When picking four athletes to grace the Mount Rushmore of UFC featherweights it’s really a simple conversation.
Only four men have sat on the division’s throne since the inaugural UFC featherweight championship in 2010 and they each deserve their spot in the featherweight G.O.A.T. conversation. Each of them had unique paths to the title and nearly all four of them have quite a bit of history.
Take a look at our Mount Rushmore of featherweights:
When the WEC merged into the UFC, some of the best fighters in the world came along with it. One of those fighters was José Aldo, who was named the inaugural UFC featherweight champion at UFC 123.
Aldo’s first title reign lasted 1,848 days. It was pure dominance. Aldo defended the belt an astounding seven times against the likes of Chad Mendes, Frankie Edgar and “The Korean Zombie.”
He racked up 18 featherweight wins in WEC and UFC, which is the most by any fighter, and his eight title fight victories are the most by any featherweight ever.
Aldo’s first stint as the only featherweight champion in UFC history came to an end at UFC 194 when he was defeated by Conor McGregor. It was a magnificent run for Aldo and solidified him as not only the greatest featherweight of all-time, but one of the best pound-for-pound fighters we’ve ever seen.
He would later regain the crown vacated by McGregor and lose it to Max Holloway a year later, but after his loss to current champion Alexander Volkanovski at UFC 237, Aldo chose to move down a weight class to bantamweight, where he’s placed himself firmly as a top contender in the division.
Back in 2012, a young 21-year-old Max Holloway made his way to the UFC. He was immediately thrown into the fire, facing future champions Dustin Poirier and Conor McGregor within his first six UFC bouts. Holloway went 3-3 in those three bouts and used those experiences to launch into one of the best win streaks we have ever seen.
Holloway rattled off 14 straight wins at 145 pounds, defeating Cub Swanson, Charles Oliveira, Jeremy Stephens, Ricardo Lamas, Frankie Edgar, Anthony Pettis, Aldo twice and Brian Ortega. This run made “Blessed” one of the most popular fighters in the sport and proved that he was one of the best fighters in the world.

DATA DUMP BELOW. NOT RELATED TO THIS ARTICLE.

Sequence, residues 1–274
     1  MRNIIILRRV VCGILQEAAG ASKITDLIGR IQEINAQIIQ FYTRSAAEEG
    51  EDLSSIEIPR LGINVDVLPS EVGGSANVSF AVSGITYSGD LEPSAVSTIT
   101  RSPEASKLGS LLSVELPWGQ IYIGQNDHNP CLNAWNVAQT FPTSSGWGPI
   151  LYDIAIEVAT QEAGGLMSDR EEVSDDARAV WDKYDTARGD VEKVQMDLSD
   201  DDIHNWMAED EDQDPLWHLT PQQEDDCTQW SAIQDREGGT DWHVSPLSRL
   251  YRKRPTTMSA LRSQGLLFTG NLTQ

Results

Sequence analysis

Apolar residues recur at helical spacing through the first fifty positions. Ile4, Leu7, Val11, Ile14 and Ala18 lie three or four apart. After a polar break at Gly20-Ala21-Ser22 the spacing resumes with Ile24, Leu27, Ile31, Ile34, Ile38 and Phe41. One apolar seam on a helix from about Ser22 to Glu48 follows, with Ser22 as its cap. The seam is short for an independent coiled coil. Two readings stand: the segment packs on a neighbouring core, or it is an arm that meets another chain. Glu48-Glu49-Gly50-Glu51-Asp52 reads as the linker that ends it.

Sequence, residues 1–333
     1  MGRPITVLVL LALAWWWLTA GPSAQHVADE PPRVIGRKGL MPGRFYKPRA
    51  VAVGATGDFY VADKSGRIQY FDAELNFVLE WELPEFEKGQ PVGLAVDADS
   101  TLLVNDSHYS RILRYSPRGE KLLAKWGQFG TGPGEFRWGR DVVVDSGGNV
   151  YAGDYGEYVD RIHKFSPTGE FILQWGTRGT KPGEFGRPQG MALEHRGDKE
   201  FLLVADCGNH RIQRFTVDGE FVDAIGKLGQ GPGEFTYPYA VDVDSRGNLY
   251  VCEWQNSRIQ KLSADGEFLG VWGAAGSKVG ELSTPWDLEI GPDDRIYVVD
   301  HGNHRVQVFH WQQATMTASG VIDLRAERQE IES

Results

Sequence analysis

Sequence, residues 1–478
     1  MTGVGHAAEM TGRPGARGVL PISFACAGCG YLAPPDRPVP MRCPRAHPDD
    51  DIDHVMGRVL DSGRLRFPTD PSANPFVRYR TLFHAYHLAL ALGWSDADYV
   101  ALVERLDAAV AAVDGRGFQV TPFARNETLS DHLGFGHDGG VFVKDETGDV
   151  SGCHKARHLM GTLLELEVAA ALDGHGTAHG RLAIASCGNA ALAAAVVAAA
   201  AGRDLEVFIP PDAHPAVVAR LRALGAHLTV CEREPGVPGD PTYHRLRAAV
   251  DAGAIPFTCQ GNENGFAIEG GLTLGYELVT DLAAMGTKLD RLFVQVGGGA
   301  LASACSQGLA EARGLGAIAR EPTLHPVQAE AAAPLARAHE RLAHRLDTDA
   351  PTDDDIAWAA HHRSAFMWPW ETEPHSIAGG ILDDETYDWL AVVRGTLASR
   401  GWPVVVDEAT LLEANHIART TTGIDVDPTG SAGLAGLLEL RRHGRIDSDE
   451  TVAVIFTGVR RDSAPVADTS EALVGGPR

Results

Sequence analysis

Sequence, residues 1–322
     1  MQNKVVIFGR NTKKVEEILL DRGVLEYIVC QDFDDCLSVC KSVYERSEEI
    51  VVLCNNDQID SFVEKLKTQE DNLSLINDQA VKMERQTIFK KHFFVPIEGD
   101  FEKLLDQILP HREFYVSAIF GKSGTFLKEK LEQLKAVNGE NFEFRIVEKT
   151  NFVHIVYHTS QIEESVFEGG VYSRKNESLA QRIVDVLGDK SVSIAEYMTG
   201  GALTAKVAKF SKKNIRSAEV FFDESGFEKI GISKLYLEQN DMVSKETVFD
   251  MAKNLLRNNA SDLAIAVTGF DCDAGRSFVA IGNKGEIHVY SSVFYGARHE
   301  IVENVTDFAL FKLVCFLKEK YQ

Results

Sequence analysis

Holloway’s 17 UFC featherweight wins are the second most only behind Aldo and his 18 UFC/WEC combined victories. Holloway’s 14 fight win streak is the longest streak by any featherweight in UFC history and he also holds the record for the most finishes in UFC featherweight history with 10. Holloway also has landed more strikes than any featherweight in UFC history.
Back-to-back close title fight losses to Alexander Volkanovski left Holloway in kind of an awkward spot, but instead of complaining about it, Holloway went back to work and delivered one of the greatest performances we’ve ever seen against Calvin Kattar.
This weekend at UFC Fight Night: Holloway vs Rodriguez, Holloway has a chance to add to his argument that he deserves a third chance at defeating Volkanovski by making a statement against Yair Rodriguez.
Twenty-three wins and 1 loss. That’s the resume that Alexander Volkanovski is working with. Volkanovski has defeated two of the men on this list and delivered one of the craziest title fights we’ve seen against Brian Ortega.
Volkanovski is the current champion, ready to defend his title against new contenders or for a second time versus Holloway if need be.
Volkanovski’s nine featherweight wins are tied with multiple fighters for the sixth most in UFC history and his nine fight UFC featherweight win streak is the longest current streak. Volkanovski also has the highest striking differential by any featherweight in history (Holloway is 2nd, McGregor is 3rd).
Conor McGregor’s rise to the top of the sport was undeniable. He took the 145-pound division by storm, winning seven straight on his way to the interim UFC featherweight title and winning the undisputed UFC featherweight championship.
Even though his time in the featherweight division was short lived (just over two years) he still was the man that dethroned Aldo and he’s just one of the four men to be crowned the UFC featherweight champion.
McGregor’s six KO/TKOs are tied with Chad Mendes for the second most in featherweight history (Holloway’s eight KO/TKOs are the most in UFC featherweight history). McGregor also has the second shortest average fight time in UFC featherweight history with an average fight time of 5:35.